The Netherlands Land Academy (LANDac) and the Food & Business Knowledge Platform (F&BKP), together with CIFOR and Shared Value Foundation have started the Learning Platforms on Land Governance and Food Security. Building on activities of the LANDac and F&BKP, the Learning Platforms will facilitate exchanges and dialogue between private sector partners and local stakeholders in investment hubs in different countries. Activities are part of the LANDac/F&BKP learning agenda on land governance and food security, including the scoping study Flowers for Food? and three country-specific workshops on Land Governance and Food Security (LGFS).
In the coming two months, Emilinah Namaganda and Gemma Betsema will start working in the Southern Agricultural Growth Corridor in Tanzania to collaborate with stakeholders and identify common objectives and action plans for the coming year. Investment areas in Uganda and Mozambique will follow later this year.
In recent years, debates around land-based investments have focused on making investments more inclusive and sustainable, including raising companies’ Corporate Social Responsibility profile. Within approaches of ‘inclusive business’ or ‘shared value creation’, the use of multi-stakeholder processes has been on the rise. By bringing together different stakeholders and exchanging views, it is the aim of these approaches to make businesses beneficial for everyone involved. However, what is less clear in the existing processes is how local stakeholders are represented in the discussions, including diversities and dynamics at the local level, existing expectations, and livelihood priorities and engagement with businesses. Moreover, impact analyses tend to be biased towards economic impacts (namely job creation) and environmental impacts of the investment instead of social impacts. At the same time, this project aims to take into account people that live near the investment but are not directly involved in the business model.
With the goal of including local context in multi-stakeholder processes, this collaborative project will organize three Learning Platforms on Land Governance and Food Security in which local knowledge and bottom-up research is combined with multi-stakeholder learning and dialogue, accompanied by follow-up activities for implementation and monitoring. The Learning Platforms will focus on concrete investments in Tanzania, Mozambique and Uganda; countries that are receiving large-scale land-based investments. The Learning Platforms consist of bottom-up research around specific investments with the aim to map the local context. The findings will be brought into three-day learning meetings with the investor and different stakeholders involved. The learning meetings will lead to the identification of actions that can contribute to better aligning investments with the local context. In the remainder of the year, several shorter follow-up meetings with stakeholder groups will be organized to ensure that the change processes are monitored.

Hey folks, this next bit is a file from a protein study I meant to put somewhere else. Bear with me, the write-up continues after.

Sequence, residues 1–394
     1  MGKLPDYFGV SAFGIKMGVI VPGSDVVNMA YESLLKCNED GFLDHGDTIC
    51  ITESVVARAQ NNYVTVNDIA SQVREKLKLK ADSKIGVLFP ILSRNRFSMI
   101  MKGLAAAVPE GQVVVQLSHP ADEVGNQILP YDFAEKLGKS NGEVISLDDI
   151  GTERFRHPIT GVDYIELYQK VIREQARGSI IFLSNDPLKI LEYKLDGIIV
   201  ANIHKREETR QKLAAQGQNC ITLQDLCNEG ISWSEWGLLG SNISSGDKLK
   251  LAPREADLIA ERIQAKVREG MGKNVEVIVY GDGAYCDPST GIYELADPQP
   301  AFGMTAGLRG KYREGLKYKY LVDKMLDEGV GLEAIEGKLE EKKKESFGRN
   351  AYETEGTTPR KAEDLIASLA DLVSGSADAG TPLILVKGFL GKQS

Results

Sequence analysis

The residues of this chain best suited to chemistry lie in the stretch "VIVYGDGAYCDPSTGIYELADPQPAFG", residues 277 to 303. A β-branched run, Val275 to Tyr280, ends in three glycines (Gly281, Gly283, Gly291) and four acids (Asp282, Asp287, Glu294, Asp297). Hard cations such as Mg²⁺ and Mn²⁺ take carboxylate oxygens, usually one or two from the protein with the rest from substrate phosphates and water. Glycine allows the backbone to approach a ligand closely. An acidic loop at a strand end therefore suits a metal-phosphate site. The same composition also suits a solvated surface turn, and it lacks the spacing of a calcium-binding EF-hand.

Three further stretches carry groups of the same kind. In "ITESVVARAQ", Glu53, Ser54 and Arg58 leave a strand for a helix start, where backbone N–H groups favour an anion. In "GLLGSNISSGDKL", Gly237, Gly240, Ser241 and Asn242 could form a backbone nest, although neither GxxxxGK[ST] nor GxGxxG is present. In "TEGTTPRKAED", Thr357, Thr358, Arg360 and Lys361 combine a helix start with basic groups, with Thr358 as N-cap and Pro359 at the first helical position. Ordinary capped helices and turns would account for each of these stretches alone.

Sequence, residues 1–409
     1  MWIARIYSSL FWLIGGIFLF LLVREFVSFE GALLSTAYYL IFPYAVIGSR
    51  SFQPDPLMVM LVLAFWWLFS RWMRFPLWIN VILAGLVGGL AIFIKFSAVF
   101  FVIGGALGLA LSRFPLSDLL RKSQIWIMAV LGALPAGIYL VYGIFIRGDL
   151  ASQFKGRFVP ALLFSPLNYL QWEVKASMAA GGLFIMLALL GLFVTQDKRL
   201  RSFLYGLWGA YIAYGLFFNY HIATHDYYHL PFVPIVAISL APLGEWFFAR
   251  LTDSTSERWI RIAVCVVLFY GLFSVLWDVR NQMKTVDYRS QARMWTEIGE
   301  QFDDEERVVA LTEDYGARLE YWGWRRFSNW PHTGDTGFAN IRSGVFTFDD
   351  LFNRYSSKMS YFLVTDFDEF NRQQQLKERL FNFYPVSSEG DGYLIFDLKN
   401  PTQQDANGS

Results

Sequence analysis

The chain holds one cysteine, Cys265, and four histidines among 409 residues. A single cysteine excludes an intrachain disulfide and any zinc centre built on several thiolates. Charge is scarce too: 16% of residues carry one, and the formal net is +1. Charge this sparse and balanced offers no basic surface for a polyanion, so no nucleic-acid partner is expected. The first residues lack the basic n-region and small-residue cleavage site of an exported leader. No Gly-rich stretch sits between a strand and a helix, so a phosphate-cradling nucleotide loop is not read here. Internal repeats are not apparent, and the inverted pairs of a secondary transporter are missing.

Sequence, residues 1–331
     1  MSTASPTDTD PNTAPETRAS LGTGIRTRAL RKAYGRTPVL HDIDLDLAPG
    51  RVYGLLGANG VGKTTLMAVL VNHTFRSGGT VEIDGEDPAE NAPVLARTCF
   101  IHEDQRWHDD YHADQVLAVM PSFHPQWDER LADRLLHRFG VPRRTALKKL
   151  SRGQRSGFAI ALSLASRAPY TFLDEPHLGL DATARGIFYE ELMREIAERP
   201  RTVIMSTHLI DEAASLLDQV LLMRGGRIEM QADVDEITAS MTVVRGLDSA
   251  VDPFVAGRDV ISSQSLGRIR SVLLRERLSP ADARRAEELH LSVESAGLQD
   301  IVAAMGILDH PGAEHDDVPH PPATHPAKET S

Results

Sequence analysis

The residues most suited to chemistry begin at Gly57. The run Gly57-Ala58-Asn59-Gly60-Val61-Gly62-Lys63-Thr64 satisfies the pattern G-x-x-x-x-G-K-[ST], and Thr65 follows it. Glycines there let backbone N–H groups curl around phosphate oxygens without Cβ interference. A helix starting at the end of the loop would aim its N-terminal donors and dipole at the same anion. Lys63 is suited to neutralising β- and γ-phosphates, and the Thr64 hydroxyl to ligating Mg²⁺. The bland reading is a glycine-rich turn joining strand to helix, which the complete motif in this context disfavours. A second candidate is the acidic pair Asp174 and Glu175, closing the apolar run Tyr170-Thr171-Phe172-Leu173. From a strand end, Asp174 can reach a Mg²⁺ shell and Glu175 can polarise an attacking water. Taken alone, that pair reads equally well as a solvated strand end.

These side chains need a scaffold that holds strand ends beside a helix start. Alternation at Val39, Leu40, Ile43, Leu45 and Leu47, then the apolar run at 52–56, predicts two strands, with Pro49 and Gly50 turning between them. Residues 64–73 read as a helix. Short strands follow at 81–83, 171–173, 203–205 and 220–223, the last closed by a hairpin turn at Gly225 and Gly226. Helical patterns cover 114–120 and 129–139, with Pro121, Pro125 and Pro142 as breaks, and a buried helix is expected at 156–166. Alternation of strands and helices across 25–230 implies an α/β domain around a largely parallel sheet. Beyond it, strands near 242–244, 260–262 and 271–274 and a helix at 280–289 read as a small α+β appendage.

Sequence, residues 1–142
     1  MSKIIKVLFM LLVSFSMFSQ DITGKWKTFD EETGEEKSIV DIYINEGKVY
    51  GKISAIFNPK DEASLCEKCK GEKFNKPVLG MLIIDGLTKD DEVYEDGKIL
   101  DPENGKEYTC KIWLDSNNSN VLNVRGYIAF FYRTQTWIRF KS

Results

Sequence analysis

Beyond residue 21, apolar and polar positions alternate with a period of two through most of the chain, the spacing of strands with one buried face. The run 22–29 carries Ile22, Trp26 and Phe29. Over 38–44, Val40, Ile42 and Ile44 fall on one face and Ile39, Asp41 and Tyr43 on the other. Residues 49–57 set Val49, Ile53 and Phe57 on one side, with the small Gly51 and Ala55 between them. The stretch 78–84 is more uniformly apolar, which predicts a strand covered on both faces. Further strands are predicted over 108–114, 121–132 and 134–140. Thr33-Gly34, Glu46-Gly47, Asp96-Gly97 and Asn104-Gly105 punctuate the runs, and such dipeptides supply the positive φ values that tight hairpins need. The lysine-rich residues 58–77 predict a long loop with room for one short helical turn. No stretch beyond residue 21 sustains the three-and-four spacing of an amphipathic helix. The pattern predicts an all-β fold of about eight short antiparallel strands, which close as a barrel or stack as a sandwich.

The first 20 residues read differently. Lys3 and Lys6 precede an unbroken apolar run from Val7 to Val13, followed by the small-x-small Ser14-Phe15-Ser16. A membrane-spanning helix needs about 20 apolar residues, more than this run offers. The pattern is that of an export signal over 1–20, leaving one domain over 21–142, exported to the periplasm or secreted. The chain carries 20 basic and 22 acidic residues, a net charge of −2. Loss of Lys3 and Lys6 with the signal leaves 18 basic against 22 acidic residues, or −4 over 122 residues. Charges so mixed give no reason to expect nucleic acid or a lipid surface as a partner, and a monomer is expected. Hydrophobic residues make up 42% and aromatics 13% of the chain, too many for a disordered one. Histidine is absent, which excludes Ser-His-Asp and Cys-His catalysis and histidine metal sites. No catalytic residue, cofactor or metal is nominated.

Aims and goals
By starting the Learning Platforms with bottom-up research of diversity in the local context, the project aims to better align the investments with local needs and expectations while starting an open exchange about innovative approaches to improve impacts locally. Communities will have better information about the investment, while investors increase their knowledge about what is happening in the area, including business risks and opportunities.